placard at Sunnyvale’s Baylands Park, pictured below
Last night, as I lay falling asleep, I had this crazy notion that I needed to start blogging again, like, right now, like, at least tomorrow, because if I put it off until Monday, it wouldn’t happen, and my beautiful blog would just keep sitting here, unused, embarrassing me with its aging.
Yes, it’s been since August. You know the feeling when you’ve been meaning to call someone, and the longer you put it off, the more ashamed you feel at how long it’s been, and the less likely you are every day to call, until that person sees you’re in their city on Facebook and THEY call YOU? Or, like, you just stop being friends with them?
Lakewood Park, ca 1952, by William A. Garnet. via designobserver.com
I am shouldering my way through this discombobulating book of essays by Joan Didion, Where I Was From, reading it with a dedication dedicated to trying to understand this discombobulated place I moved to, California (which is, incidentally, Where She Was From), when finally, in Part II, Chapter 2, it all clicks in: Lakewood. Lakewood, a planned city of 17,500 homes south of Orange County, surrounded by defense contractors on all sides, a town built around a mall, supported by income flowing from the military-industrial complex, a happy town which as the defense jobs shuttered in the early 90s found itself on the national media stage for the vagrancy and alleged rapes committed by a clique of its post-adolescent males, the Spurs.
You know you’re a writing teacher when you read an awesome article that combines content, form, style and structure to make its point clearly and beautifully and think: I want to put this in a syllabus. Or so it was for me, with Larissa MacFarquhar’s requiem for Aaron Swartz in last week’s New Yorker, which you should read.
But actually, I don’t want to talk about that piece. I just squeezed it in there for kicks; I actually want to begin with a moment in another article from the same magazine issue, a profile on jazz pianist Jason Moran. There is a moment where Moran is teaching a lesson at the New England Conservatory of Music to a student named Chase Morrin.
“How would you play that song another way?” Moran said when [the student] finished.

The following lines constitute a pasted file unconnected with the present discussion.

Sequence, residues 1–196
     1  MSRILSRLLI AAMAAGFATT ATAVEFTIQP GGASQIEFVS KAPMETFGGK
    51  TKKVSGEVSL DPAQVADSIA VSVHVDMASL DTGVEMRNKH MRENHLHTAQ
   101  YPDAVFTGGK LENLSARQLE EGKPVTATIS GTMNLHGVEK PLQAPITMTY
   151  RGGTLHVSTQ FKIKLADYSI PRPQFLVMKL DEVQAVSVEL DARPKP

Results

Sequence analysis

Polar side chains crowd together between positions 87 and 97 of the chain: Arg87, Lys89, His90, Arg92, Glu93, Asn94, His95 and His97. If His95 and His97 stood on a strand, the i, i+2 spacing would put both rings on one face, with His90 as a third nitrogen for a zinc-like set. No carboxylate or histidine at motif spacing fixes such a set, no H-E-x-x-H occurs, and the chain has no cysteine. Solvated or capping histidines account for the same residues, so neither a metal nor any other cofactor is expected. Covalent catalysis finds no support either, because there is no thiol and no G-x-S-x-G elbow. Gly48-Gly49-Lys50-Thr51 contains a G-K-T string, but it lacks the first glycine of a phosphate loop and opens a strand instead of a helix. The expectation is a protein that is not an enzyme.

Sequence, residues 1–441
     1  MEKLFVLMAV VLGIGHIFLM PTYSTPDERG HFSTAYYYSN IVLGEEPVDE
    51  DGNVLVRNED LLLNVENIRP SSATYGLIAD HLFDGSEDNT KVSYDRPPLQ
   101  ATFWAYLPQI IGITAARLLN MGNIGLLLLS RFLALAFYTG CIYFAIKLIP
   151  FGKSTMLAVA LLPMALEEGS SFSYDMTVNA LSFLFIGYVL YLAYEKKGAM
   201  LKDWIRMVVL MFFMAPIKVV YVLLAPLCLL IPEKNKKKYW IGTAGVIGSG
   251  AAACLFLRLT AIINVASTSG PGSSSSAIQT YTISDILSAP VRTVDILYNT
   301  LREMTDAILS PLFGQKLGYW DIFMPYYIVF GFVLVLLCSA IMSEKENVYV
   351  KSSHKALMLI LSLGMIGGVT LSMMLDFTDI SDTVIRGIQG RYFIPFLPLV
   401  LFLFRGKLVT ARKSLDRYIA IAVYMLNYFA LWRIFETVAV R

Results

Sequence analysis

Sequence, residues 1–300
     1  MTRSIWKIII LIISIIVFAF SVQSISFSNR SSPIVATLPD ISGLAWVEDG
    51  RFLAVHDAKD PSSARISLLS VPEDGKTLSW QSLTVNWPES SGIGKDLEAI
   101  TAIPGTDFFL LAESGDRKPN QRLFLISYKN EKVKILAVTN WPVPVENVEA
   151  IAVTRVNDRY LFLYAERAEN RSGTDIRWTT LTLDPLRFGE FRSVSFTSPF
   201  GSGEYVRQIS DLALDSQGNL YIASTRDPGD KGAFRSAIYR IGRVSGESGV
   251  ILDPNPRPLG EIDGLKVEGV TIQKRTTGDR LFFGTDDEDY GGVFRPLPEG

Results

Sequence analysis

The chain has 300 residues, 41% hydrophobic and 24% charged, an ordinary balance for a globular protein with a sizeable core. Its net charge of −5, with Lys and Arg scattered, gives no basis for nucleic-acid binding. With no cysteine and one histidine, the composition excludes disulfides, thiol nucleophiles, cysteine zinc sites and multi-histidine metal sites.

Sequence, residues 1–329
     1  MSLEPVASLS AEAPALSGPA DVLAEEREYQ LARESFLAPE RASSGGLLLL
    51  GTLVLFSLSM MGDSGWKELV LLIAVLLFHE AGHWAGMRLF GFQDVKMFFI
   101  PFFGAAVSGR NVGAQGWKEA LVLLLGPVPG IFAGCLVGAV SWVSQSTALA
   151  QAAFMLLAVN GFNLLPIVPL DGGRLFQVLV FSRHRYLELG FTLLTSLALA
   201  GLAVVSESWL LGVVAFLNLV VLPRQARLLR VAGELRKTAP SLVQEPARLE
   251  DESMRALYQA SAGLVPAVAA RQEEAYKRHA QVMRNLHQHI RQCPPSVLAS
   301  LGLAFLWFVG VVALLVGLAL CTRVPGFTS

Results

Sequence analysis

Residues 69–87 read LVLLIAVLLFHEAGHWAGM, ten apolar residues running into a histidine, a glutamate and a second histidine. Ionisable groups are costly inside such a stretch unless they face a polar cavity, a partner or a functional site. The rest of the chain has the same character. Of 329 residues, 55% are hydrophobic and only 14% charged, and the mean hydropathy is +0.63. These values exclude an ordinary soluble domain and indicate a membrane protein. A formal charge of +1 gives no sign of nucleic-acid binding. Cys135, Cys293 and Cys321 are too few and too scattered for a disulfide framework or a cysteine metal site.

“Is that rhetorical?” Morrin asked.
“No, it’s not. I want you to do it now.”
Morrin started again, but Moran immediately rebuked him for imitating the style of a famous piano player. “I don’t want to hear that stuff,” he said. “You’re more creative than that. That’s good for him, not for you. I want you to go somewhere else.”
Morrin began playing very fast, almost antically.
“Stop,” Moran said. “Stop. it’s its own rhetoric now. Once you start doing a bunch of arpeggios, it’s like an exercise. In the beginning, you didn’t know where things were going. I want us to maintain that uncertainty. I don’t want to see autopilot. Where I want you to start is, I don’t know. I want a whole lot of I don’t know.”
Then the article moves to Moran’s next lesson.
This moment reminded me of a meeting with my creative writing thesis advisor, my senior year of college. We had been meeting every week or two to talk about my work. For the first month or so, I had been attempting a novel about a student who gets pregnant and decides to keep the baby. But it was bad, and then Juno came out, so I switched to writing short stories, which were better. My advisor wanted twenty pages every week. I would send them and we would meet in his office in the arts building on Wednesdays, which was the only day he was on campus, or sometimes we would get a beer. And I remember once, we were in his office, facing each other each from our own slim couch, the afternoon light falling on us through west-facing windows, and I said something to the effect of, “Inspiration is weird. Where does it come from.”